I had the pleasure of attending the Medtech Conference on May 31st in Minneapolis that was put on by Healthegy. This was a one day event and the goal was to bring together startup and early stage companies, large corporations, investors, academia, and of course service providers like myself that cater to the industry.
For me, I have two goals when I attend conferences. The first thing of course is to network and build relationships with companies, investors and other service providers. The second goal is to learn. It is important and interesting for someone like myself who works exclusively with life science companies to hear the challenges, success stories and everything in between.
Of course the biggest challenge for companies in this space will always be money. Silicon Valley Bank who is a leader in this space got things rolling and in some good news with investment trending upwards as shown below.
– Information from Silicon Valley Bank
As for exits, they were more or less flat year over year, with M&A activity far outpacing IPOs. Unfortunately, 2016 and 2017 exits were well below the exit activity in 2014 and 2015 which were almost double. One of the reasons behind this slowdown could be Medtronic making no meaning acquisitions since they acquired Covidien a few years back but I don’t think it would be fair to put the blame solely on them. Coincidentally, SVB’s presentation was followed up by the CFO of Medtronic who indicated they might be on the lookout for acquisitions as we move forward.
Following SVB and Medtronic there was a session with three investors – a VC, a Mutual Fund, and a Hedge Fund. As expected, there were more similarities between the Hedge Fund and the Mutual Fund. For both, they see a much smaller number of deals, both are looking at an IPO as a preferred exit and I would say both need that exit to happen quicker. On the VC side they are getting in earlier, sourcing a lot more deals and are not as concerned if a company does not have a clear exit strategy when they invest.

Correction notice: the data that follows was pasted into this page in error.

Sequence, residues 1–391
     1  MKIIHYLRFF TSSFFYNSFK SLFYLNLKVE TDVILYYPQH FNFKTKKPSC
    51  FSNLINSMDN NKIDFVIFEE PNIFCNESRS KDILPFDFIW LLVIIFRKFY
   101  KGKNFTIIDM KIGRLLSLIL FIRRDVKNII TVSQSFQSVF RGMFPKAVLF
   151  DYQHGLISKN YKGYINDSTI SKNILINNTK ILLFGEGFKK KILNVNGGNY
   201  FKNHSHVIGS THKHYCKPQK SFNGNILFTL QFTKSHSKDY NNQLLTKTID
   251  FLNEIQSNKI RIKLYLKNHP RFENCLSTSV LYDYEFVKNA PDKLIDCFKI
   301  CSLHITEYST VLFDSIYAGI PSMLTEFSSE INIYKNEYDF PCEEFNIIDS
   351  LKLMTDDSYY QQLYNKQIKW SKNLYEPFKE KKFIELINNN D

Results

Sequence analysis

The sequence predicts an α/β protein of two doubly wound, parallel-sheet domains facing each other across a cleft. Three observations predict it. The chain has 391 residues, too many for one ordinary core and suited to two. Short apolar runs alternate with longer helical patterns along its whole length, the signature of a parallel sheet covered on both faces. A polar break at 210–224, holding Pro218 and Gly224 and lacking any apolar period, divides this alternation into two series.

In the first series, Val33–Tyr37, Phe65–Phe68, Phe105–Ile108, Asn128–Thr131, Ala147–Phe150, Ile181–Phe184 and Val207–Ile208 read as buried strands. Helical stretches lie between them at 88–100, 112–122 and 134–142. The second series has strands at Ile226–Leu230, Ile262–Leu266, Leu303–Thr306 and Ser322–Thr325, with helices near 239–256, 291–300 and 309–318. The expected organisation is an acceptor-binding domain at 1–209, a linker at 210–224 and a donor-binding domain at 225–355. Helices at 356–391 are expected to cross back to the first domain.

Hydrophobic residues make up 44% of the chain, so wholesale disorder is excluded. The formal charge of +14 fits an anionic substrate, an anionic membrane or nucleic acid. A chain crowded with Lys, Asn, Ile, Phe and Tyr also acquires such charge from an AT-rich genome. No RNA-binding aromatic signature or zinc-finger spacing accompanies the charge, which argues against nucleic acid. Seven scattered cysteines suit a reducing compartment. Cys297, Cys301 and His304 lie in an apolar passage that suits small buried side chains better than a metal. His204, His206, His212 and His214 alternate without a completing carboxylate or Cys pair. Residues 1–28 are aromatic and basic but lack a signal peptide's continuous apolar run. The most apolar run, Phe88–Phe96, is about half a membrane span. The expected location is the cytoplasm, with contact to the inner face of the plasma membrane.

After these sessions the conference tilted away from the financial side and more towards product and operations. They had a panel with CEO’s who were not the founders. One thing they made clear is that both a CEO for hire and the Founder/CEO model can be successful but also disastrous, neither model is better. The important thing for a Founder/CEO is to be self-aware and be open to input from employees and board members.
Reimbursement was a well-attended session and outside of money this is a huge issue for companies. If you do not have the ability to get reimbursed your company will not succeed regardless of how great the product is. Different strategies were discussed, such as piggybacking off a current code or trying to get your own code. Both present obstacles. One of the obstacles that took me by surprise was the difficulty in getting support for a new code from the various medical societies. Much like in other facets of life, it can be difficult to get people to change their ways and certainly the use and support of med devices is no different.
The conference circled back to where it started and that was on money. They highlighted Penumbra which is a remarkable story as it was not venture funded, something that is super rare for a company their size. This was followed up by a discussion on corporate venture. I was at a BIO event a few weeks prior and there was a session on the same exact topic. My takeaway was that on the Medtech side the corporate investors are a bit more active once they make an investment and are willing to share company resources with the entity they invest in. On the biopharma side access to company resources is much more limited, but something they are trying to do a better job of. Where things get tricky for both Medtech and Biopharma is when there is multiple corporate VCs involved.
My time in Minnesota was time well spent. The folks at Healthegy did a great job on the content and making sure the agenda hit a lot of issues that are important in the industry all the while getting it done in one day.